Tea for one

Break out those “good” dishes.

We talk a good game, don’t we? About the importance of self care. About knowing how critical it is in order to function and be fulfilled in our lives and our work.

We adore Pinterest boards dedicated to it, reaffirming our love affair with the notion. From inspirational quote pins by Oprah to the ever-popular “can’t fill an empty cup” analogy, all styled beautifully with artful backgrounds. Such a romantic idea, self care is, isn’t it? Like some kind of dreamy other world we get to occasionally get a wistful glimpse of while admiring other fantasies on the internet. As we stay up past 2am to meet a deadline…

Such images and quotes are beautiful but they’re not realistic, right? I mean, we don’t actually bother with setting aside dedicated time for ourselves because seriously. Those 50 million things on our ever-growing to-do lists aren’t going to miraculously all complete themselves. Self care, it would seem, is but a glamorous fantasy.

It’s that “good” porcelain teapot, safely displayed behind the glass doors of our china cabinets, expensive and frivolous and so very rarely used. It’s that indulgent spa gift card a friend gave us 6 years ago that is still probably somewhere amidst the chaos in our wallets. It’s the $10 purple orchid we swoon over and then walk away from in the grocery store flower department. Surely that $10 is better spent on something more practical, anyway.

The notion of self care, like using that teapot or gift card or buying that flower, is lovely and romantic, but the reality is, there’s no place for such things in day to day life.

Why?

Do we genuinely not feel deserving of even small indulgences, such as pouring our next cup of tea from that dainty antique pot as opposed to an old, dented stainless steel kettle? Or is it just a long-standing belief programmed into us years ago that we haven’t bothered to question? Why are the “good” dishes, teapots, silverware, bedding… only fit for company? Why do we only buy flowers for other people? And why the heck haven’t we used that darned gift card?

Partly because we’re just sometimes on autopilot, not really taking a step back to think about teapots and the like. Our minds are already crammed full with a zillion things and who has time to question any additional ones? We’ve always just done things this way.

It’s also, of course, partly because we put everyone else above ourselves, thinking that is what we are always “supposed” to do. So as not to appear selfish, or indulgent or whatever might make us feel guilty for welcoming more soulful abundance in life, we allow it to be so. We allow even little things we might thoroughly enjoy to be forever out of reach, forever unimportant, forever… impractical. We. Allow. It.

One thing I hear over and over when encouraging women to make time for self care is an objection based on lack of time. I hear that, believe me. I have two very busy kids and two websites to run, a sport I am passionate about that requires practice (more on that later), and a very long to-do list.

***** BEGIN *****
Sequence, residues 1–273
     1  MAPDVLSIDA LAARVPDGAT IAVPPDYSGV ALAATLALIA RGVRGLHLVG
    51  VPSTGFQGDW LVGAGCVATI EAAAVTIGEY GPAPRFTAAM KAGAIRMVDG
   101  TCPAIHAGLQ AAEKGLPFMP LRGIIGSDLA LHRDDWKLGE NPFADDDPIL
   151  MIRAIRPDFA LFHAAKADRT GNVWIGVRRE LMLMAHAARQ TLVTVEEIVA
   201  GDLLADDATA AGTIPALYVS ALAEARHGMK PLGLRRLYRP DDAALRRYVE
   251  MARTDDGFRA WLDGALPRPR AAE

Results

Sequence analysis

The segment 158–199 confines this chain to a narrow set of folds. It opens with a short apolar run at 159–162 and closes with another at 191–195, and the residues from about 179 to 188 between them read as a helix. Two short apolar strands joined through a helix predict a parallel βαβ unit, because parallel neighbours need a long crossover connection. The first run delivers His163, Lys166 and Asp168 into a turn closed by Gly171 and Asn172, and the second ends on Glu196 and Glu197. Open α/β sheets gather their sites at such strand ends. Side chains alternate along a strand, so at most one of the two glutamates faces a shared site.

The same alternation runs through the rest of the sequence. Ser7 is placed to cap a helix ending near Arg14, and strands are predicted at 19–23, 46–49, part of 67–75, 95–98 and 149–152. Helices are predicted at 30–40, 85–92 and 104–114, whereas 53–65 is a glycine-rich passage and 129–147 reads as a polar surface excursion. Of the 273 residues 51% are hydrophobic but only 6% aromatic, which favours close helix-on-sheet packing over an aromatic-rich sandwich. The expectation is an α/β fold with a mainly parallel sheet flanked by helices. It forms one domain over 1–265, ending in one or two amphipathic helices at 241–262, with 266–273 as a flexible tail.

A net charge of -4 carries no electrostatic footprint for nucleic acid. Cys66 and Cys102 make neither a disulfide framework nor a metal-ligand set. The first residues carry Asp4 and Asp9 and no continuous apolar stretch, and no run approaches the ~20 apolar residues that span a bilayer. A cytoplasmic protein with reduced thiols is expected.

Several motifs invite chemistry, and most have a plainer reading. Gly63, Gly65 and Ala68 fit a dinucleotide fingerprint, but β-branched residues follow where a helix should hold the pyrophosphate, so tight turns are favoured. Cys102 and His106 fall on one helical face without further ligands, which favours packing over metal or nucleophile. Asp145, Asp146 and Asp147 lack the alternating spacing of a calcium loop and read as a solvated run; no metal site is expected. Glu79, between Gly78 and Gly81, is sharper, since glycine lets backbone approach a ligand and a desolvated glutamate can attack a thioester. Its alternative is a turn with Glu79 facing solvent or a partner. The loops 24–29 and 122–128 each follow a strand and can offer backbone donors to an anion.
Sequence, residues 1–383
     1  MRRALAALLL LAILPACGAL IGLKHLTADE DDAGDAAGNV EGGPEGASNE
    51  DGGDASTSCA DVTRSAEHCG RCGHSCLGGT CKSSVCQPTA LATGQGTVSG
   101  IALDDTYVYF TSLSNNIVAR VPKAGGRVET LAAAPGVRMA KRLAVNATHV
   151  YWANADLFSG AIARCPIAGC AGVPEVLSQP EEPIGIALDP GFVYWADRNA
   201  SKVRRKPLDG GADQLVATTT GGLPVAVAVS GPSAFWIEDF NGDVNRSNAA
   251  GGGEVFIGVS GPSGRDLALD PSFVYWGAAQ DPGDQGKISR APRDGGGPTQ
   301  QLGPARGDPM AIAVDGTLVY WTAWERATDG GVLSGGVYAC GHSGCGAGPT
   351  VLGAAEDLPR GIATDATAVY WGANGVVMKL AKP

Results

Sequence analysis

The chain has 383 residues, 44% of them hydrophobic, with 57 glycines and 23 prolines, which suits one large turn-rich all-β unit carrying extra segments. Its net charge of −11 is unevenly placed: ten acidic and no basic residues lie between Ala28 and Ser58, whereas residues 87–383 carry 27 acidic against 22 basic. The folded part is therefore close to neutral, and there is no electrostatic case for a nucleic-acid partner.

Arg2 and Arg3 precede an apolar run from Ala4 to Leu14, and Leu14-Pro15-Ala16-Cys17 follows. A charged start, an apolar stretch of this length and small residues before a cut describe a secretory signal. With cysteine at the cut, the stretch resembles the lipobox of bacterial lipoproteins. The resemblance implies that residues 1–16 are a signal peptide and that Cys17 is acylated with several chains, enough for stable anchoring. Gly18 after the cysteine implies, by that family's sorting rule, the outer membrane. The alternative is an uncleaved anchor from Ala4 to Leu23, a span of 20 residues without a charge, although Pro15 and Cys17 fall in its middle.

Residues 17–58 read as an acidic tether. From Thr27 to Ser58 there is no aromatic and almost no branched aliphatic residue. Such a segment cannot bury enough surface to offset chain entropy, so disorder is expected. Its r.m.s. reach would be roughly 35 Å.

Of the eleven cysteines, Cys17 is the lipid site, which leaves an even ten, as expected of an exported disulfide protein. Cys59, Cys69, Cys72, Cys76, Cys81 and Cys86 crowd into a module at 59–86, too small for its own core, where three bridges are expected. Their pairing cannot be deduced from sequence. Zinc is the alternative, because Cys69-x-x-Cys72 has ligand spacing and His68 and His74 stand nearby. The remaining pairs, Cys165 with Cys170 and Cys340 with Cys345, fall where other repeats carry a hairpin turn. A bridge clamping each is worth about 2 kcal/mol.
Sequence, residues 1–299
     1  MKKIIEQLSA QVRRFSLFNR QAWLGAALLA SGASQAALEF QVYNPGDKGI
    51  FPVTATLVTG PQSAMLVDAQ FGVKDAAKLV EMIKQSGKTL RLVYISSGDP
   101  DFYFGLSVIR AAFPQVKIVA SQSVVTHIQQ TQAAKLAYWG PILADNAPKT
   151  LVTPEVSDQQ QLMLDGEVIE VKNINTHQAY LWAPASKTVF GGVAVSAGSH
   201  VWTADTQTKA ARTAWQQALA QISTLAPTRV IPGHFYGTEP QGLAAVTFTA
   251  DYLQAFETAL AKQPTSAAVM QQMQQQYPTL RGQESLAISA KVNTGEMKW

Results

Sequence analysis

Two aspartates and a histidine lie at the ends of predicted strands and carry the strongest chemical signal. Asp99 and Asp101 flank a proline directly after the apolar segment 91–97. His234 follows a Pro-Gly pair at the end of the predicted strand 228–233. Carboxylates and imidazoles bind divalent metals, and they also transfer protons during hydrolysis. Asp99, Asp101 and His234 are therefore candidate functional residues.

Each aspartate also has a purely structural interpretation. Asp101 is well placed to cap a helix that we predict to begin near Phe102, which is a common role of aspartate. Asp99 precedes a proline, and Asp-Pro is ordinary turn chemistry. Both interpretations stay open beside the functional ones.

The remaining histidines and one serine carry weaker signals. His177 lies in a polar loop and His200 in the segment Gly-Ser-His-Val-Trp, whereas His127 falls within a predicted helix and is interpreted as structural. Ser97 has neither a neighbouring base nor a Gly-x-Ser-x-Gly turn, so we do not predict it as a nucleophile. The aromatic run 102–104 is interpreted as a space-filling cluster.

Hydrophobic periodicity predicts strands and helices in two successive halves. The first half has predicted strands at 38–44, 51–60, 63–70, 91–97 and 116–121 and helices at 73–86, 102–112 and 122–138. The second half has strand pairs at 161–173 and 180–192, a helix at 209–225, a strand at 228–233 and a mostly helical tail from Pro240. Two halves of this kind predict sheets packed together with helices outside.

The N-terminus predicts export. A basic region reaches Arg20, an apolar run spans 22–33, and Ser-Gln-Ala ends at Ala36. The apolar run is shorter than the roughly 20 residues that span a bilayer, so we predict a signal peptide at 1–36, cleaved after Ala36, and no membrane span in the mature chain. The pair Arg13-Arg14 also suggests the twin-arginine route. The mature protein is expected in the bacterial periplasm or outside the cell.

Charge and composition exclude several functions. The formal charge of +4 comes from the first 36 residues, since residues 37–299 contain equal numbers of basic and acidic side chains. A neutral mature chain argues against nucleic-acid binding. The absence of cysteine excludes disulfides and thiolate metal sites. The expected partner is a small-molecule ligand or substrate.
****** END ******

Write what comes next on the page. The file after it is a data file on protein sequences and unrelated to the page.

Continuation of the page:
BUT…

Self care can take many forms. Time away from the chaos of daily life is most certainly one of them, and something I’d encourage you to take for yourself as a recharge whenever possible. And time away, though best taken in larger chunks, can also mean a five minute break, so long as that break is spent actually doing something for yourself. However, time is hard to come by, so thankfully it’s not the only manner in which you can show yourself some love.

Tea for one

Need some examples to try? Thought so. How about these for starters:

  1. Predictable, but yes. Get that “good” teapot you inherited from grandma out of the cabinet and use it, even if not for tea. Prefer coffee? Me too! Who cares if you serve it to yourself from a “tea”pot? The point is, serve yourself your favorite drink from a vessel more aesthetically pleasing than a generic coffee pot glass carafe. And of course, use a pretty mug or better yet, a dainty teacup! These seemingly small additions to something so routine are sure to at least glamourize your day a smidge. And do your friends a favour. Snap a photo of that thing and post it (later!!) on your instagram so they can see it. How’s that for multitasking? You just showed yourself some love AND inspired someone else to do the same. What you’re doing: treating yourself to something beautiful.
  2. Stop it with the old school thinking. Seriously. We as women often feel we are the only ones who can do all the things. In 1952, maybe that was something you’d need to concern yourself with, but this isn’t 1952. Is your list of stuff to do super overwhelming? Take a good, hard look at it and find the non necessities – can some of those be eliminated? Delegated? Relegated? Take the pressure off yourself by letting go of things other people can help you with. What you’re doing: valuing your time, and making more of it for yourself. Also, commanding self respect, which in turn tells others to treat you with the same respect, too. Also, if you have kids, setting a great example that will help make sure they don’t become equally overwhelmed later in life.